Kiminski v. Hunt

Decision Date20 September 2013
Docket NumberC/w: Civil No. 13-358 (JNE/TNL),Civil No. 13-185 (JNE/TNL),C/w: Civil No. 13-389 (JNE/TNL),C/w: Civil No. 13-286 (JNE/TNL),C/w: Civil No. 13-208 (JNE/TNL)
PartiesJennifer Kiminski et al., Plaintiffs, v. John Hunt et al., Defendants.
CourtU.S. District Court — District of Minnesota

Lorenz F. Fett, Jr., Susan M. Holden, and Daniel E. Gustafson appeared for Plaintiffs.

Oliver J. Larson appeared for Defendants Tom Landwehr, Ramona Dohman, Mark Holsten, Michael Campion, Rodmen Smith, James Konrad, Keith Parker, Robert Maki, Steve Lime, Charlie Regnier, Stan Gruska, and Sheila Deyo.

Plaintiffs in these consolidated putative class actions are Minnesota residents who provided private data about themselves to the Minnesota Department of Public Safety ("DPS") in order to obtain and use a state driver's license. Plaintiffs' claims in these actions primarily stem from the conduct of a former Minnesota Department of Natural Resources ("DNR") employee, John Hunt, who engaged in unauthorized viewing of private data from their motor vehicle records. The consolidated amended complaint1 alleges violations of the Drivers' Privacy Protection Act ("DPPA"), 18 U.S.C. § 2721 et seq., and Plaintiffs' constitutional right to privacy by Hunt and various employees of the DPS and DNR, in their individual capacities. The complaint also names the commissioners of the DPS and DNR as defendants in their officialcapacities for purposes of seeking prospective relief. The Defendants other than Hunt ("State Defendants") filed the present motion pursuant to Federal Rule of Civil Procedure 12(b)(6), seeking to dismiss the complaint against them for failure to state a claim upon which relief can be granted. For the reasons stated below, the State Defendants' motion to dismiss is granted.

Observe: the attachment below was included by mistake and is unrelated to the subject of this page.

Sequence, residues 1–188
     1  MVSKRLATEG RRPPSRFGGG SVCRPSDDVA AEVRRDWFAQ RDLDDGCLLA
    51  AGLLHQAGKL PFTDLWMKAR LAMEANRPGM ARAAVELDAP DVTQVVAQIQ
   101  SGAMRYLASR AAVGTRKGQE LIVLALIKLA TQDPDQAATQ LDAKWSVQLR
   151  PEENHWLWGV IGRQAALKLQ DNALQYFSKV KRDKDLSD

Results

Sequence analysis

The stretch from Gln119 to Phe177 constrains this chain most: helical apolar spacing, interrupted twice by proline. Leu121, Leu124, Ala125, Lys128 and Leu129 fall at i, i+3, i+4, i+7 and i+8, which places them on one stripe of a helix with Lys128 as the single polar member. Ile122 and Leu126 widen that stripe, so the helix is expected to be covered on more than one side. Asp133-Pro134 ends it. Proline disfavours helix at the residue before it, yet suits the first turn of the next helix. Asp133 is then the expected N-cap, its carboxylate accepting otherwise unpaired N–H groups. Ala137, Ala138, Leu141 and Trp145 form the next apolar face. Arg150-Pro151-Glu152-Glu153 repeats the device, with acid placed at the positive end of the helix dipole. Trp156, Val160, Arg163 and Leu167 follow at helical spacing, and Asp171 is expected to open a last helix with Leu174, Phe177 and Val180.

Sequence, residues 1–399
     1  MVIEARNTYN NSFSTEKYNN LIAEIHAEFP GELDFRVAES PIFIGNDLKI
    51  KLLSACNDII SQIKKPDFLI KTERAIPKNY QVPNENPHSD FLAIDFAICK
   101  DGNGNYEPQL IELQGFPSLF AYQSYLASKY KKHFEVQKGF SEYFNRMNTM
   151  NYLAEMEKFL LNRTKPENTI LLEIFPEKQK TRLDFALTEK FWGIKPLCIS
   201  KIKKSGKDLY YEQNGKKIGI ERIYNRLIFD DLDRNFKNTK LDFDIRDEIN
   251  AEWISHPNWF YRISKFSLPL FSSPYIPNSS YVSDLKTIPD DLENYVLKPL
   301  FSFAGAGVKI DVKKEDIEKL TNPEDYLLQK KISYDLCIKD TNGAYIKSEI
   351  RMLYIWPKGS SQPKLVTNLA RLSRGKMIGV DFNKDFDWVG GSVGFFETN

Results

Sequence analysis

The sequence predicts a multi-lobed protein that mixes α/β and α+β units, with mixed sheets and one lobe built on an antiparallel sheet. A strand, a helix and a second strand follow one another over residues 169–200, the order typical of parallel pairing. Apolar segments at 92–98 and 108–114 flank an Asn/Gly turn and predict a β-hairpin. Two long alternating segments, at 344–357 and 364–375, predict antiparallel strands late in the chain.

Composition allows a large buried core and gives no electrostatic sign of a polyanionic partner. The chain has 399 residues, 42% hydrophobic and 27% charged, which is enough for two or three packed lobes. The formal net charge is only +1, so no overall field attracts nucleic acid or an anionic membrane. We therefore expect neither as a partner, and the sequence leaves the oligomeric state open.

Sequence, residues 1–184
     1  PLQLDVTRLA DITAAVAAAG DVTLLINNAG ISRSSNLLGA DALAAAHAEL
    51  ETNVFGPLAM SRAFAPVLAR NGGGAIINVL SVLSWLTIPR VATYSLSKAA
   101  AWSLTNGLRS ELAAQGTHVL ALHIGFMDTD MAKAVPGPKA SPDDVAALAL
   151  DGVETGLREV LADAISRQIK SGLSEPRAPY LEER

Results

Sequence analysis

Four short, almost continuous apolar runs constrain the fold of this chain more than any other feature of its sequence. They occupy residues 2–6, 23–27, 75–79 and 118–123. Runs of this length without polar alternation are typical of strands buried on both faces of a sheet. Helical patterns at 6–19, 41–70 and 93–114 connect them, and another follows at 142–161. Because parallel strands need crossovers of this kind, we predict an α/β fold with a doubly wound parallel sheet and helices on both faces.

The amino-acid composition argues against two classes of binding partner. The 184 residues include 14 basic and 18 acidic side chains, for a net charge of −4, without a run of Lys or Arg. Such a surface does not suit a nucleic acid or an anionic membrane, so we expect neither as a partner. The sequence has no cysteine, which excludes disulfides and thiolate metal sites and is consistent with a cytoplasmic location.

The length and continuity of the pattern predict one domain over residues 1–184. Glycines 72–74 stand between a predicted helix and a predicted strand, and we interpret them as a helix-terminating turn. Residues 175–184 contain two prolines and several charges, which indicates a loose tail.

According to the complaint, defendant John Hunt ("Defendant Hunt") accessed private motor vehicle record data of more than five thousand individuals, approximately nineteen thousand times, without any legitimate reason to do so. Defendant Hunt's accesses occurred while he was a DNR employee and over a five-year period. The DNR terminated Defendant Hunt's employment sometime prior to January 14, 2013.

On or around that date, the DNR sent Plaintiffs a letter regarding Defendant Hunt's conduct. The complaint includes a sample letter as an exhibit. The letter notifies its recipients that "a DNR employee engaged in unauthorized viewing of private data from your driving and/or motor vehicle records." The letter confirms that the DNR no longer employs the employee. It explains that the records viewed "contain information such as your full name, date of birth, driver's license number, address, license status, and license photo."

The complaint does not allege that any of the Defendants other than Defendant Hunt personally viewed or used private data from Plaintiffs' records for an improper purpose. Rather, the complaint seeks to hold the State Defendants liable for Defendant Hunt's acts of improper viewing of information about them. The general thrust of the allegations against the State Defendants is that they failed to implement systems or procedures to adequately protect Plaintiffs' data, despite knowing of system-wide and rampant abuse by employees like Defendant Hunt. In elaborating on its claim of widespread misuse, the complaint alleges that theMinnesota Legislative Auditor has revealed that at least 50% of law enforcement officers are misusing motor vehicle records information.